Every Pac-12 champion since 2011 has signed multiple top-30 classes. Does that make USC the team to beat in 2017?
There's no way around it: Winning takes talent. In college football, talent is cultivated on the recruiting trail.
Plenty of factors beyond recruiting class rankings determine the success of a program. Developing athletes once they arrive on campus, both on the field and in the weight room, is as important
For example, Colorado head coach Mike MacIntyre is yet to put together a top-25 recruiting class, and has consistently had some of the Pac-12's lowest-rated classes. However, this did not prevent the Buffaloes from winning the South division in 2016 or being ranked in the polls throughout much of the breakthrough campaign.
Still, recruiting class rankings function as a trustworthy predictor for success. Each of the last three Pac-12 title-winning teams landed multiple top-30 classes in recent years. Prohibitive 2017 Pac-12 favorite and reigning Rose Bowl champion USC has flourished on the recruiting trail, hence the hype for the Trojans' upcoming campaign.
Below are the national recruiting ranking averages for Pac-12 schools over the last five classes according to 247Sports Team Composite rankings and each team's record over the last five seasons. Obviously, this doesn't take into account attrition but, over time, this should be considered relatively even across the conference.
Ranking the Pac-12's College Football's Rosters in 2017:
USC Maintains Talent Advantage
USC has lost nothing on the recruiting trail, despite repeated coaching changes over the last eight years. Clay Helton has continued the recruiting dominance established under Pete Carroll and maintained through the short-lived Lane Kiffin and Steve Sarkisian eras — and with a Pac-12 Championship Game appearance in 2015 and Rose Bowl win to cap '16, Helton's produced at a higher level with the program's cachet of talent.
Can UCLA Turn Talent into Wins?
The Los Angeles rivalry between USC and UCLA does not stop on the field. UCLA has routinely been the primary challenger to USC's recruiting dominance, taking advantage of the same Southern California pipelines that flow into Heritage Hall. However, UCLA lacks results commensurate with the victories on National Signing Day. Rick Neuheisel struggled despite stellar signing classes, and Jim Mora has yet to return to the Pac-12 Championship Game since his debut campaign in 2012.
Stanford's National Base
Stanford owes its sustained success under head coach David Shaw to his uncanny ability to recruit nationally. Such is the inherent challenge of coaching at Stanford, a university that rivals the Ivy Leagues in the classroom, but that seeks to compete with the Alabamas and Ohio States of the world on Saturdays. The 2017 Stanford recruiting class features signees from seven states, covering all corners of the continent: Washington in the Pacific Northwest; Utah in the Rocky Mountains; Texas; Georgia in the South; New Jersey in the Northeast; and California, for some local flavor.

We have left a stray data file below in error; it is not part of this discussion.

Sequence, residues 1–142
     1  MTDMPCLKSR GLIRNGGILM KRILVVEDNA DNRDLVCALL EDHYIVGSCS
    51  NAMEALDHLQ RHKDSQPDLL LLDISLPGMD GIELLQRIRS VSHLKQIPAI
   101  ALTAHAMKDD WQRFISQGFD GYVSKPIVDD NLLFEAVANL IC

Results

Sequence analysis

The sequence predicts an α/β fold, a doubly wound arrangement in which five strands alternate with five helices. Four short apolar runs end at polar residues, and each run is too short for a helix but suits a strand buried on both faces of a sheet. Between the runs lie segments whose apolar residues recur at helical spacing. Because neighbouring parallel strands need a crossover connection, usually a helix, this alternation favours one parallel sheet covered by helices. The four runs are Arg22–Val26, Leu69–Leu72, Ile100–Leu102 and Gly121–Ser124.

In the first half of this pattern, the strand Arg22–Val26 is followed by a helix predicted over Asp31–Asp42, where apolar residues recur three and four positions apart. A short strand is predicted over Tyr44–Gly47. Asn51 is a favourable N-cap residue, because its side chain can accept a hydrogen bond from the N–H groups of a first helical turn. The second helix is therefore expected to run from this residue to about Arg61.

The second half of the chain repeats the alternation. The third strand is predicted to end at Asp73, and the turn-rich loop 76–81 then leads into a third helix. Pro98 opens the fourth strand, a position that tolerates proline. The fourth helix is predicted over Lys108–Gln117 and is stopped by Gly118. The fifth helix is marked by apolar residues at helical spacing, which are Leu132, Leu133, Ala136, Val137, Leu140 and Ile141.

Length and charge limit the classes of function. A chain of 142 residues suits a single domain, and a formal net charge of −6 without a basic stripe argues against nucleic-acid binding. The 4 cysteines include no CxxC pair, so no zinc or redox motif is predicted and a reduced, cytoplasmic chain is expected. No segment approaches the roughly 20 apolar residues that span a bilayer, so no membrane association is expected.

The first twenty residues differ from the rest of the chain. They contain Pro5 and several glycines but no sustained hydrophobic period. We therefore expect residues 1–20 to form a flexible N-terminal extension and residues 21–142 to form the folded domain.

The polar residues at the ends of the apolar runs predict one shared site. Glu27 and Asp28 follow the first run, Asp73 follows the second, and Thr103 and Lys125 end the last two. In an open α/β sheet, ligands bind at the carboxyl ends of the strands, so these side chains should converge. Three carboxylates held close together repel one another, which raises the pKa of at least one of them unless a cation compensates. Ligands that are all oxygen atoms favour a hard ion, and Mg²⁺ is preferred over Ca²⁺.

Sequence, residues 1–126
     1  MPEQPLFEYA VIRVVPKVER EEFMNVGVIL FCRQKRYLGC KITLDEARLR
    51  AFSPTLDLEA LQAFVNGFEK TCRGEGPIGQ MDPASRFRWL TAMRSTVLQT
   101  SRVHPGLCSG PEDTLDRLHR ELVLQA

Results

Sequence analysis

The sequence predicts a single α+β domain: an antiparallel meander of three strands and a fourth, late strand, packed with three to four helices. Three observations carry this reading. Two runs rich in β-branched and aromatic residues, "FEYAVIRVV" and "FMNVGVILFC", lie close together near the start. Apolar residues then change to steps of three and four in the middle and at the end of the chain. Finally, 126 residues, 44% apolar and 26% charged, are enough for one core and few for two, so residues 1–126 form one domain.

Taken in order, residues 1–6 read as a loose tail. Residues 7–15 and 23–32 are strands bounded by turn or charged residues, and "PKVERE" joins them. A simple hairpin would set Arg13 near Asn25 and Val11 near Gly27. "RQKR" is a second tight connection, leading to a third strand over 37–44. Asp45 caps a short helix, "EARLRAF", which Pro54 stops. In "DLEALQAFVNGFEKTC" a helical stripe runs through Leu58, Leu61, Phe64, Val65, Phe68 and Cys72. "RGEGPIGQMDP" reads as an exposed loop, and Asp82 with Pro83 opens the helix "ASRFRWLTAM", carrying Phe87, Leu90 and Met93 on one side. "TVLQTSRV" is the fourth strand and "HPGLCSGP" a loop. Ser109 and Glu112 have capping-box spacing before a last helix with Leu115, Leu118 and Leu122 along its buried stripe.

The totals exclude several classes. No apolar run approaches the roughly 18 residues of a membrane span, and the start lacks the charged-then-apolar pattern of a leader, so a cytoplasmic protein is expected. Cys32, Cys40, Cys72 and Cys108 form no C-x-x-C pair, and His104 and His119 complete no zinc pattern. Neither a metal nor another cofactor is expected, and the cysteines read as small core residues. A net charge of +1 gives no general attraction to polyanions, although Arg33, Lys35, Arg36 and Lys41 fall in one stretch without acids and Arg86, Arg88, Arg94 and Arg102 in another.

No conference has seen programs exceed recruiting expectations quite as well as the Pac-12 in recent years. Last season's championship game illustrates that, with Washington beating Colorado in a matchup of underrated rosters. Arizona reached the league title tilt in 2014 with a roster of middling recruiting ratings. Washington State won nine games each of the last two seasons, and has yet to rank out of the 40s on signing day.
Utah's enjoyed one of the most consistent standards of success in the conference over the last three seasons, despite never boasting a recruiting class higher better than a national rank in the 30s. Of course, overachievement akin to Utah's begins to attract more interest on the recruiting trail, evident in the Utes' climb to No. 33 this season.
New Coaches, Different Situations
Pac-12 football welcomes two new head coaches in the 2017 season: Justin Wilcox at Cal, and Willie Taggart at Oregon. Neither is new to the Conference of Champions; Wilcox had a successful stint as defensive coordinator for Washington from 2012-13, and a less successful tenure in the same role at USC from 2014-15. Taggart was part of Jim Harbaugh's Stanford staff before resurrecting his alma mater, Western Kentucky, and flourishing in his time at South Florida.
The two newcomers take on much different-looking rosters in 2017. Oregon's run atop the conference through the first half of the decade led to some outstanding recruiting classes. Wilcox seeks to reestablish Cal as a player, but must first overcome a underwhelming initial recruiting class that impressed few, if any.